Maine's Newest Potato - the Caribou Russet - Makes its Debut
ORONO, Maine - As you go about your shopping this spring, keep your eyes peeled for a new potato hitting the market. The Caribou Russet is the latest variety to emerge from the University of Maine experimental potato lab.
Jennifer Mitchell recently checked in to see how new potatoes are created and what makes the Caribou Russet so special, when there are thousands of varieties to choose from.
Archival audio: "The potato was brought from its native home in Peru to Spain, and in time, back to America, and now spreads its green over countless acres throughout the world."
It's the third most frequently consumed food crop worldwide. Today, the average American eats 142 pounds of potatoes per year. That's a slight dip since this 1940's film extolling the virtues of the spud was made. But demand is still strong.
Archival audio: "A universal food for the millions, and the millionaires."
With more than 7,000 wild and cultivated varieties of potatoes, consumers today are spoiled, but the push to create a better potato never stops.
"There's no perfect potato variety," says Greg Porter. "I suspect there's no perfect variety of any crop." Porter runs the potato lab at the University of Maine. "And as you release the new variety you're trying to figure out the balance of, what are the advantages? Does it have enough merit to be worthy of the investment that's to be required, both to continue research on it, but then to scale up and commercialize it?"
The university has numerous potato experiments in progress at any given time, and it takes about a decade from the very first pollination to the point where the tuber is ready for a test market.
Most will not make the cut, but one potato has: "AF33621" was recently given a more distinguished name: the "Caribou Russet."
"All right, so what is different about this potato than what I would find, say, in the store right now?" I ask Porter.
"Well, it has really high quality for both fresh consumption - so as a baked potato or as a mashed potato - and it also makes good quality French fries - healthier French fries than our standard varieties. From the grower's stand point, it produces very high yields with very good internal quality: nice white flesh, very little hollow heart, which is a common defect in most of our russet varieties."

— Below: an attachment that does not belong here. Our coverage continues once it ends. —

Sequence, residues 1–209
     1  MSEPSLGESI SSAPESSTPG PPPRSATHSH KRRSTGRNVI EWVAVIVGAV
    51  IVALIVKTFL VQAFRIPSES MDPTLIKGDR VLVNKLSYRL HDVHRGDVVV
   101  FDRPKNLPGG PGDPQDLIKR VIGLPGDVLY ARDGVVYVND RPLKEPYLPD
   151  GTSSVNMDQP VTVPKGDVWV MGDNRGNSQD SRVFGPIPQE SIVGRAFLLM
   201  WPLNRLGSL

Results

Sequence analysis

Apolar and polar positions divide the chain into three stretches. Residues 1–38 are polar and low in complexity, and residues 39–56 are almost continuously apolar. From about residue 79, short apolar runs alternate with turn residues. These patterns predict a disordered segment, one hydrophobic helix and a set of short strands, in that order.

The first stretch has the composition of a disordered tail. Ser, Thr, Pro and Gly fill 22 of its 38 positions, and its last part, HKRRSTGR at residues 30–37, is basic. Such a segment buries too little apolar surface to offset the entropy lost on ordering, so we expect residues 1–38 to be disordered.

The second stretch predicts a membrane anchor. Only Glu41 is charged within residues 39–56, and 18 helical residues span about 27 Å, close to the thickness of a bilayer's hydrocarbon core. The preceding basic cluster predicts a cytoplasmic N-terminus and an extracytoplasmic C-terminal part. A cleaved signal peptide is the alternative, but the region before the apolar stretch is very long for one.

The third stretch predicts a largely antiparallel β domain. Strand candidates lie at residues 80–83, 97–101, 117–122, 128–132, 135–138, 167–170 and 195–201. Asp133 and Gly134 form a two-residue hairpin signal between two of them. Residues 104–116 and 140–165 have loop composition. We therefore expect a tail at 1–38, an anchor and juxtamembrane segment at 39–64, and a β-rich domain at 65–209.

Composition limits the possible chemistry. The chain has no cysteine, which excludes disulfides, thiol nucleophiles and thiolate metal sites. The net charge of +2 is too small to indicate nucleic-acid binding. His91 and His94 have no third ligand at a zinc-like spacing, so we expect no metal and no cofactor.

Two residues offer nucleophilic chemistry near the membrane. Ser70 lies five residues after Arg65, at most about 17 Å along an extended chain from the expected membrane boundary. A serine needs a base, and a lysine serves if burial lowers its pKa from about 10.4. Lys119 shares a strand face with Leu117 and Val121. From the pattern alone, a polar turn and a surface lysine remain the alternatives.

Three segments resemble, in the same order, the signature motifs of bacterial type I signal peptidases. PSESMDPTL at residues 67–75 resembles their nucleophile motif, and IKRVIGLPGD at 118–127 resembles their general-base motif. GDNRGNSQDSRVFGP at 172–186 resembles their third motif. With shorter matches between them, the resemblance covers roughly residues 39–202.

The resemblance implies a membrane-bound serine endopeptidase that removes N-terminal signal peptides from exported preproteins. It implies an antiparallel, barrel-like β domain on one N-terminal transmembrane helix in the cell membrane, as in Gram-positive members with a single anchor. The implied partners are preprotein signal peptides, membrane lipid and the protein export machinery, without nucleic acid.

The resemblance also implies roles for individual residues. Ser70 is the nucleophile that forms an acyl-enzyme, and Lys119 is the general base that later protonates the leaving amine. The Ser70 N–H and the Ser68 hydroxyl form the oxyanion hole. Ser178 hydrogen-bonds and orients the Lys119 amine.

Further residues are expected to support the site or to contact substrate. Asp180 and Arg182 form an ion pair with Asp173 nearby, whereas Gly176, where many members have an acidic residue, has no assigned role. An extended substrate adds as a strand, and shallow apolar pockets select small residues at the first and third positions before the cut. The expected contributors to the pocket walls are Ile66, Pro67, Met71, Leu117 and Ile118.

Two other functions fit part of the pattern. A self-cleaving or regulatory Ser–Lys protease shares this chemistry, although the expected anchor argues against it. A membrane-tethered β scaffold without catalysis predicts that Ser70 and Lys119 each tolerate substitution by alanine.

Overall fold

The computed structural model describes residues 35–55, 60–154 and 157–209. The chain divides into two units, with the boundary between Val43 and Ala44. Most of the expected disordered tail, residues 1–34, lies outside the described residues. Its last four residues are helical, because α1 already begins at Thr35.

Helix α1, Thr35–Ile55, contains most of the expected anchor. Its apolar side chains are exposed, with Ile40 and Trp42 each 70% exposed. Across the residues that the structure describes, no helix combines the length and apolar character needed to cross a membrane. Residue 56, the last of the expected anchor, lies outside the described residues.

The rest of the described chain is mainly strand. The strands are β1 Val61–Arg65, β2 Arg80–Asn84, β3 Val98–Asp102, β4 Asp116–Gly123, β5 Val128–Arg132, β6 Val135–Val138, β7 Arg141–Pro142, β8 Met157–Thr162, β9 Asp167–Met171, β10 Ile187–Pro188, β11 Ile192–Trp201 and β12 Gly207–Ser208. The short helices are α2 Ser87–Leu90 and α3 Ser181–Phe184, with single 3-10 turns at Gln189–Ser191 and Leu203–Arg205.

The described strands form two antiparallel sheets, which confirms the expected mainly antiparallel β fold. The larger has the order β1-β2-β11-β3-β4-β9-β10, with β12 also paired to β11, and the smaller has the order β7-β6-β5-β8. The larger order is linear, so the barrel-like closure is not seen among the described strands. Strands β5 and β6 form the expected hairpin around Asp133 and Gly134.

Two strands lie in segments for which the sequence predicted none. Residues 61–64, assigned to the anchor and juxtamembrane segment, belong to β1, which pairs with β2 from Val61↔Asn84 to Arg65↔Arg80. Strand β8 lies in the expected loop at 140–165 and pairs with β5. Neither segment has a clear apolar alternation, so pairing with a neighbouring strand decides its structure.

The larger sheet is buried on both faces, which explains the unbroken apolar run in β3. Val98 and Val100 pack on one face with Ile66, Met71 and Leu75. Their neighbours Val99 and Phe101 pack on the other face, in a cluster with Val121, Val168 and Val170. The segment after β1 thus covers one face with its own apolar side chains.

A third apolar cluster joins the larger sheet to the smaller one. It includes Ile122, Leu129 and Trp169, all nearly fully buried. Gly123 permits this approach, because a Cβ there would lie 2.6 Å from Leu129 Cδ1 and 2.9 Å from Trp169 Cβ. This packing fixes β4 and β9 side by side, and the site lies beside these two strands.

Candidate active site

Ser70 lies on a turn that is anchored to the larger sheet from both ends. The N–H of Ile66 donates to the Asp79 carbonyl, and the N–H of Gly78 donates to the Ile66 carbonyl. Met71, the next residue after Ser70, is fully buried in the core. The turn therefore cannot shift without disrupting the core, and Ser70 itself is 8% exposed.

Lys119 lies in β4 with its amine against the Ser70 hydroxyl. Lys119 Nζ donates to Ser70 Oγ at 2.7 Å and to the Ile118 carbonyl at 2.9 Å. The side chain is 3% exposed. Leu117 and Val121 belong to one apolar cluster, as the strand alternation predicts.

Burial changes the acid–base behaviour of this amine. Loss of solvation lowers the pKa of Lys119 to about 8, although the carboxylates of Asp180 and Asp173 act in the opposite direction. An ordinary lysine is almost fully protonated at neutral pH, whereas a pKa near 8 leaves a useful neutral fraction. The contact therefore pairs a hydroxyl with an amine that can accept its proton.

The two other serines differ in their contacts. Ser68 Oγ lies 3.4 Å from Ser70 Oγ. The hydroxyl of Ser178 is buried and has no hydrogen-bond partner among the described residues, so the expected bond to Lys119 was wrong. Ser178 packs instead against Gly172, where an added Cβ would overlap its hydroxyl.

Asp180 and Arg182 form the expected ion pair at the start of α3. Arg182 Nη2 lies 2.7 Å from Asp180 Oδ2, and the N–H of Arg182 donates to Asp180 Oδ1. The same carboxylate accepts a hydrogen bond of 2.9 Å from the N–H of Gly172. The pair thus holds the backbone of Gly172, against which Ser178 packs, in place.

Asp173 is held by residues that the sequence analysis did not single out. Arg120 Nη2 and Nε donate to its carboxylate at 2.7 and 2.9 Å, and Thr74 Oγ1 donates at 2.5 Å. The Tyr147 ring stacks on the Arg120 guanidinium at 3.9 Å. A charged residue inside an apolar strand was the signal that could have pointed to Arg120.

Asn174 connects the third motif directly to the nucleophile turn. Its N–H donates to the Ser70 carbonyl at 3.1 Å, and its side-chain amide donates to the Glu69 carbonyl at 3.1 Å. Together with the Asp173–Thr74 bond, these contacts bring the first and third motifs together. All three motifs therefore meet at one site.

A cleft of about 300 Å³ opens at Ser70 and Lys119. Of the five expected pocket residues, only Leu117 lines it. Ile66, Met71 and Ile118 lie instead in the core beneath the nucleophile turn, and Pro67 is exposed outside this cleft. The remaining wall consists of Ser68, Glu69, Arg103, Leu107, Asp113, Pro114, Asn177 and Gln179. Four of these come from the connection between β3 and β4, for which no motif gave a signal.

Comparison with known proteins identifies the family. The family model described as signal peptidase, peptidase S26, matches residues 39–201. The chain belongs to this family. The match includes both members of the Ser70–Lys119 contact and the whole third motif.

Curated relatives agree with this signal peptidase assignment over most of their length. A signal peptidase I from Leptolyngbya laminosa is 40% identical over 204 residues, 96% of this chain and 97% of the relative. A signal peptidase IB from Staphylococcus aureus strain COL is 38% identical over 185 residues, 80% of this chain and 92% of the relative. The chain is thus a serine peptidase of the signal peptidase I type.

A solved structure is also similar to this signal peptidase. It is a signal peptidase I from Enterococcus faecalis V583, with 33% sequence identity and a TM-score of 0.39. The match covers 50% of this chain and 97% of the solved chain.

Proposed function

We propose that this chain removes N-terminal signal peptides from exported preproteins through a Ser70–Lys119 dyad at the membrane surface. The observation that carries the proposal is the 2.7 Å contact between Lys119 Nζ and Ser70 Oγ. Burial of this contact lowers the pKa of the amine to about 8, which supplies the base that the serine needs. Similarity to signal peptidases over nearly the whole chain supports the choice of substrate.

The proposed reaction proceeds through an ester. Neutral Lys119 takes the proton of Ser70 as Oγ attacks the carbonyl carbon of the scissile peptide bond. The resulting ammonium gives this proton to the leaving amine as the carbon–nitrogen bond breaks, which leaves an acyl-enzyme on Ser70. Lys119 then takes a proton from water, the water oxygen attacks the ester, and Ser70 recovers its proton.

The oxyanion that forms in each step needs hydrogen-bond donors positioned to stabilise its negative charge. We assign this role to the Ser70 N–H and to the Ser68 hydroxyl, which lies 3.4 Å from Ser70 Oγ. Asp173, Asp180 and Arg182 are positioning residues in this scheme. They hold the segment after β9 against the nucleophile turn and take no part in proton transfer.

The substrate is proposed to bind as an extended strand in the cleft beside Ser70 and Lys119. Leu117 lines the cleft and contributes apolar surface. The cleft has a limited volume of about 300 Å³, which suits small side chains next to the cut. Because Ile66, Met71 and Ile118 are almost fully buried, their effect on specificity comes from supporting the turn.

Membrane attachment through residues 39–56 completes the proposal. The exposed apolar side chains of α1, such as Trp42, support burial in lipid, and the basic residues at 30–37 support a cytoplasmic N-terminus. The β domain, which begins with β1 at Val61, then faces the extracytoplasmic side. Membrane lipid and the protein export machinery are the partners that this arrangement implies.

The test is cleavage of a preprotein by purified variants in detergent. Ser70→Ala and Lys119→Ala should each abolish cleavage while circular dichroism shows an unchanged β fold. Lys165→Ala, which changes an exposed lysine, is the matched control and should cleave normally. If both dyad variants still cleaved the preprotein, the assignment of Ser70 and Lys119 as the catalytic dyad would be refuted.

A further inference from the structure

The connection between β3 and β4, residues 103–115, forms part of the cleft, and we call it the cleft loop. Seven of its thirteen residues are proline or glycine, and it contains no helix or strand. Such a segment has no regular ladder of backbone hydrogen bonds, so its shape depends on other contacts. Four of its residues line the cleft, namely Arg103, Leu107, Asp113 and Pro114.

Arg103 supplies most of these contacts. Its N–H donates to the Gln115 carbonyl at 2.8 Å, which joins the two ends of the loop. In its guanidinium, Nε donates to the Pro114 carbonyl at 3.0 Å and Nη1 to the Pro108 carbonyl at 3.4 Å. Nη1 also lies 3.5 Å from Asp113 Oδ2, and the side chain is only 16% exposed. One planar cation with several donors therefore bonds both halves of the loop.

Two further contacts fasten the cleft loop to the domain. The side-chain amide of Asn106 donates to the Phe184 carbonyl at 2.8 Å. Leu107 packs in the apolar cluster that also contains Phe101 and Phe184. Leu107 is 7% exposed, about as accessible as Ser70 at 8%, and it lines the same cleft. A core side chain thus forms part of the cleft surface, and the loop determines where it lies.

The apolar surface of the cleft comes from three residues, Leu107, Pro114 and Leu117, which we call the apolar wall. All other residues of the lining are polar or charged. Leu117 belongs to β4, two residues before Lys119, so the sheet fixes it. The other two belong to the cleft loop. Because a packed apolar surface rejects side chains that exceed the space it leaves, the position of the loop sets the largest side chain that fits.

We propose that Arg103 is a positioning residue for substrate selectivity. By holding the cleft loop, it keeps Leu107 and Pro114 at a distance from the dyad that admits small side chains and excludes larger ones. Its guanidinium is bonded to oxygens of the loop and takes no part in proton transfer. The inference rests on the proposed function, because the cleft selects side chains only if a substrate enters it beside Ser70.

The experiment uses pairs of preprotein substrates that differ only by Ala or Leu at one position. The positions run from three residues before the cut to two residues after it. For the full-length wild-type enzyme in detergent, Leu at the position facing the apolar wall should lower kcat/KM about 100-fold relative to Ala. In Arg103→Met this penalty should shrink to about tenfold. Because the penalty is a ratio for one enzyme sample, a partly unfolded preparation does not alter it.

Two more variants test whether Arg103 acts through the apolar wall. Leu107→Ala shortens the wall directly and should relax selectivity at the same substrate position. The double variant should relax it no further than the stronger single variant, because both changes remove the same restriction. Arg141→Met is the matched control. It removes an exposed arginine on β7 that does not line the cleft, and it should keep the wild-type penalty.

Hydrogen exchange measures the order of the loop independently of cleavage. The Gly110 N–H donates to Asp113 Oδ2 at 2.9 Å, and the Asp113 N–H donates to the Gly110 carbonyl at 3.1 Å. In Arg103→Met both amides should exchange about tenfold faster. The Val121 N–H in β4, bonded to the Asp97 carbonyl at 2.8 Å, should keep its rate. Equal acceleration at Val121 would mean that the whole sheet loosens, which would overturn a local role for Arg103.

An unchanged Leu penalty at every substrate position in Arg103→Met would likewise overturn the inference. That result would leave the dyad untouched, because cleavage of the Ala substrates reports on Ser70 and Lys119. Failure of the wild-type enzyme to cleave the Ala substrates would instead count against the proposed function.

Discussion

If you've ever chopped open a potato and found a strange brownish spot with a cavity in it, that's hollow heart. It's a stress condition that occurs when the spud grows too quickly. And while not dangerous or unhealthy, it can look unappealing to consumers.
The Caribou Russet is also capable of growing to a big size. Picture 8-inch-long French fries.
But how is a potato actually created? Matt Schultheis is a student at the lab. "I'm collecting pollen from individual clusters and then taking pollen from other plants and applying them to the stigma of individual other clusters that we have made for crossing by taking the anthers off and applying the pollen directly to the stigma," Schultheis explains.
Translation: potatoes have both male and female organs. To get a new variety, the male anthers from one plant are removed so it won't pollinate itself. Then, using a modifed electric toothbrush, the pollen of a second plant is collected and painted onto the female bits, the stigma, of the first plant.
Ideally, each plant will bring something good to the table. In the case of Caribou Russet, it has a strong lineage. Its parents included the Silverton Russet, which endowed it with high yields, and a Reeves Kingpin, which contributed the hollow heart resistance.
But Caribou Russet has a big test in the coming months: the national French fry trials, where it will be assessed for fry quality at five different locations across the country.
The holy grail of potatoes, says Porter, would be one with all the flavor of a classic russet, one that could still shine as mash, with no hollow heart, and strong resistance to the three most common blights and diseases.
Experts say such a spud would be decades away.